The new national park is a place of many firsts, and is already heralded internationally as a new era in national park creation. One of the park's firsts is that it brings one of the richest collections of plant and animal species on earth under formal protection, linking up a mosaic of different landscapes like mountain grasslands, mistbelt forests and woodlands and savanna bush.
This incorporates some of South Africa's rarest species, many of which are threatened with extinction. It is also the first national park to be looked after by a provincial authority. In terms of new environmental laws, the Mpumalanga Parks Board, now officially known as the Mpumalanga Tourism and Parks Agency (MTPA), manages the park instead of Sanparks. In keeping with new visions for bringing conservation and people together, such as discussed at the last World Park's Congress, the MTPA is looking after the park for successful land claimants.
The descendants of those people evicted from the land many years ago became partners with the state, allowing the state to become custodians of the land, while the communities benefit from the area's tourism potential. As highlighted at the signing of the memorandum of agreement for the creation of the park at Bourke's Luck on August 19, 2004, local communities are empowered to play a significant role in the new park which van Schalkwyk said "is expected to inject R500 million into the local economy over the next ten years."
The park initially covers an area of 44 000 hectares, but in excess of 10 000 hectares added as commercial pine plantations in the area are rehabilitated and returned to a more natural state over the course of several years. Minister van Schalkwyk was positive about the creation of the new park, saying, "Blyde has the potential to become one of the fastest growing malaria-free tourism destinations in Africa."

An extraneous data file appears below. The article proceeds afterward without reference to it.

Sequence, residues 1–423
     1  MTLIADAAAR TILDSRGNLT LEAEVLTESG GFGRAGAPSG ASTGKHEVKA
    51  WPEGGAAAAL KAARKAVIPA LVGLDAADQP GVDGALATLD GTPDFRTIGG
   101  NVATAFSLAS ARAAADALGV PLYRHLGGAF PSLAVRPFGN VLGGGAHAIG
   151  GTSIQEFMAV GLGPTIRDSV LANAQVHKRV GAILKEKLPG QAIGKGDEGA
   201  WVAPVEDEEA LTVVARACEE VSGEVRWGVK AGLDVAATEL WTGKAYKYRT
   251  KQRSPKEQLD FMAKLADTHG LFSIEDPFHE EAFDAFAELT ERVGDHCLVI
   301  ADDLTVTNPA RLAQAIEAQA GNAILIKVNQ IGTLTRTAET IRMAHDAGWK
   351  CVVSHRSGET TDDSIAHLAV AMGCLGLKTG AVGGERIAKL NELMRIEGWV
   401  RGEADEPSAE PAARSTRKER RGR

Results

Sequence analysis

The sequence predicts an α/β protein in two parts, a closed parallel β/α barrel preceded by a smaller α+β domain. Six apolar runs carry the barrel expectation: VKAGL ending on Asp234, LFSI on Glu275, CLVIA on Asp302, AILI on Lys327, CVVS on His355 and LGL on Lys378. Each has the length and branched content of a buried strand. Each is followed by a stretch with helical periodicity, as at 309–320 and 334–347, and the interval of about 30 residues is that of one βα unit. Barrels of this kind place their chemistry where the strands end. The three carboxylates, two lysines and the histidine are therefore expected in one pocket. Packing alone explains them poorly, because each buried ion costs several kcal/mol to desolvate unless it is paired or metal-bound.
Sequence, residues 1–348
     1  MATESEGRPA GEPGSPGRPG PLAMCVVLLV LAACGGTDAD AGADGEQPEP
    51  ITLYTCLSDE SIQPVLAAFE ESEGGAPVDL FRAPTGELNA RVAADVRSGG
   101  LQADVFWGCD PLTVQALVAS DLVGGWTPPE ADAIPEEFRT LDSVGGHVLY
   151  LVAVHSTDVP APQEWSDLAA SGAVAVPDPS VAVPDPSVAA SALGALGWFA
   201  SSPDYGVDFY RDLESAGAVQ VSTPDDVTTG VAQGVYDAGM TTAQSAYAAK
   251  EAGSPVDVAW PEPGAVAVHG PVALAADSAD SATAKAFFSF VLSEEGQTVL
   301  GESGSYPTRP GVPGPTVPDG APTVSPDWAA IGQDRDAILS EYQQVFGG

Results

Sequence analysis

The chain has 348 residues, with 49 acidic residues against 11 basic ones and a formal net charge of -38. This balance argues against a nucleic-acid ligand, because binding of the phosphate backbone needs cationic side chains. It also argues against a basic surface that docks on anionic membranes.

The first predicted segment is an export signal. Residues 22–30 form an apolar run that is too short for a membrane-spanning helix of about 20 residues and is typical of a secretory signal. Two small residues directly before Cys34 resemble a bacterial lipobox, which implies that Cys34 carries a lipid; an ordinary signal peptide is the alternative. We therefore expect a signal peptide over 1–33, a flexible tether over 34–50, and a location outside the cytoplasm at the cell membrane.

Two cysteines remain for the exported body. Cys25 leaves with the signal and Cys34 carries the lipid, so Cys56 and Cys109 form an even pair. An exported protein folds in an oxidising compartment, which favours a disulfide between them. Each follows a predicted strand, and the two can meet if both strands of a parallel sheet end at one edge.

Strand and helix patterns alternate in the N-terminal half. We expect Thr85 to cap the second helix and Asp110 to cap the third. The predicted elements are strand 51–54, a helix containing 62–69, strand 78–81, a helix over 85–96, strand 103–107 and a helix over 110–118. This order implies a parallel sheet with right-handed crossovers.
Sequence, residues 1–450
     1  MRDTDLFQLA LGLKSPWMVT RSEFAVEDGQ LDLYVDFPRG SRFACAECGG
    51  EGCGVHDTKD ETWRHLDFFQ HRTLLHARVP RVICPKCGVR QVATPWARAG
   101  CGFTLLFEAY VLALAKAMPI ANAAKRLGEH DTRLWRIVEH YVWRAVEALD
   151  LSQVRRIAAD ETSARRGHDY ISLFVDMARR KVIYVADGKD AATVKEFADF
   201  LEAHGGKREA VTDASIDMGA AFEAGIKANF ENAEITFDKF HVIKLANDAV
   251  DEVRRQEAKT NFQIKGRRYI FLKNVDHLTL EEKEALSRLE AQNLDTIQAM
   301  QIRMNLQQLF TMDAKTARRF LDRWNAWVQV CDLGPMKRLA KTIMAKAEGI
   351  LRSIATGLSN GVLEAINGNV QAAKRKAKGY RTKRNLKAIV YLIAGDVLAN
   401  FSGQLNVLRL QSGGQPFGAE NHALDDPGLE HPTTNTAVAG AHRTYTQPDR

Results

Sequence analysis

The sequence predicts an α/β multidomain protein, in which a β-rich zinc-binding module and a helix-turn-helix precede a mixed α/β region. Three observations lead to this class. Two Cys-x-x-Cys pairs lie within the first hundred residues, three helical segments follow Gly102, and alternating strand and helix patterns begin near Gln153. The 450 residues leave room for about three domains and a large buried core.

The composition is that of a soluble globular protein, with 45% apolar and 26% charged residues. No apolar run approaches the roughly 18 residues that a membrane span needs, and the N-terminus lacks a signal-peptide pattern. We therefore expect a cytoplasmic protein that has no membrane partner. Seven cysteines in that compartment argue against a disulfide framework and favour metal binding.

Did You Know?
The Blyde River Canyon is the third largest canyon in the world, after the Grand Canyon in America and the Fish River Canyon in Namibia.
- It is up to 1,000 metres deep and five kilometres wide.
- About 500,000 people visit the Blyde River Canyon areaevery year.
- The canyon forms part of the Wolkberg centre of endemism, and many of the plants growing in the canyon grow nowhere else on earth. The area is thought to contain the richest combination of plants and animals in southern Africa.
- Some of the plants on the escarpment are related to the fynbos in the Cape.
- The sub-tropical mist belt forests that occur on the mountain are some of the best specimens in the whole of South Africa.
- Mariepskop alone hosts more than 1,400 plant species, and the greater area has some 2,000 species – more than the entire Kruger National Park. Of these, 163 species are threatened with extinction and listed in the Red Data plant book.
- The planned national park will have representatives of 75 percent of all bird species, 80 percent of all raptor species and 72 percent of all the mammals found in South Africa.
- There are more than 100 different mammal species in the park, including more than 20 types of carnivores, such as leopard, caracal and serval.
- There are at least 335 bird species in the park
- 94 reptile species and 34 amphibian species occur there, including some of the rarest frogs in the country.
- Many of the 33 fish species that occur in the river are on the verge of extinction
- More than 200 species of butterfly and almost 70 species of spider have been recorded in the area.
- Alien plants pose one of the biggest threats to the area's biodiversity.
- The Sand River, which rises in the national park, supplies water to no less than 420,000 people, and is a tributary of the Sabie River that runs through Kruger.